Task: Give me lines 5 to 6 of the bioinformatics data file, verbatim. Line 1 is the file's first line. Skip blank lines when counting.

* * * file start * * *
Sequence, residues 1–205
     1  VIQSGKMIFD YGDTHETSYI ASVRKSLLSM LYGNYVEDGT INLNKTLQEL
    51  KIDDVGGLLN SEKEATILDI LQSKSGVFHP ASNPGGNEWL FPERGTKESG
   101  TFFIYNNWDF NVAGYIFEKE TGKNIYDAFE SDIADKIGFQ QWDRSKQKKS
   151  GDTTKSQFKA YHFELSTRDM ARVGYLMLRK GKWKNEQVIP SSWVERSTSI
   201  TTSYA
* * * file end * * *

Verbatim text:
   151  GDTTKSQFKA YHFELSTRDM ARVGYLMLRK GKWKNEQVIP SSWVERSTSI
   201  TTSYA